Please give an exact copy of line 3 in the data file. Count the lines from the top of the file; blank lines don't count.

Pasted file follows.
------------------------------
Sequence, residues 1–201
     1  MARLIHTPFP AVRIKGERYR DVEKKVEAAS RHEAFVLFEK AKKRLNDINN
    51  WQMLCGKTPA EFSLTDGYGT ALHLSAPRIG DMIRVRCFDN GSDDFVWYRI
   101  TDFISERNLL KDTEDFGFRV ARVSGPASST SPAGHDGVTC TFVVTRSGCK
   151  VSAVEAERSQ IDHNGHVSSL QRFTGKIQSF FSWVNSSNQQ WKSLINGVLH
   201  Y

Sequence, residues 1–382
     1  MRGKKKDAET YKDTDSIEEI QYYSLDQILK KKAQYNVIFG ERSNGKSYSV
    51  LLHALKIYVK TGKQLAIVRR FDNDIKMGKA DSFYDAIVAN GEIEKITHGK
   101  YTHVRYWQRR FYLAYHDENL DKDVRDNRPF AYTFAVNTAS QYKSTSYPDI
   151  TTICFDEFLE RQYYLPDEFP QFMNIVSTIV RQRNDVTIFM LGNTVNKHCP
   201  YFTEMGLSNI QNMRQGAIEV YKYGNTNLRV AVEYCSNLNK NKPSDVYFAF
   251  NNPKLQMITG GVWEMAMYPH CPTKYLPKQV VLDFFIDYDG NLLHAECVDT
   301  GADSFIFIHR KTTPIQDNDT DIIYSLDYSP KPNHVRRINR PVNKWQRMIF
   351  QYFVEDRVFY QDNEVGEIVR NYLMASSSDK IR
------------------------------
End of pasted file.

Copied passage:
    51  WQMLCGKTPA EFSLTDGYGT ALHLSAPRIG DMIRVRCFDN GSDDFVWYRI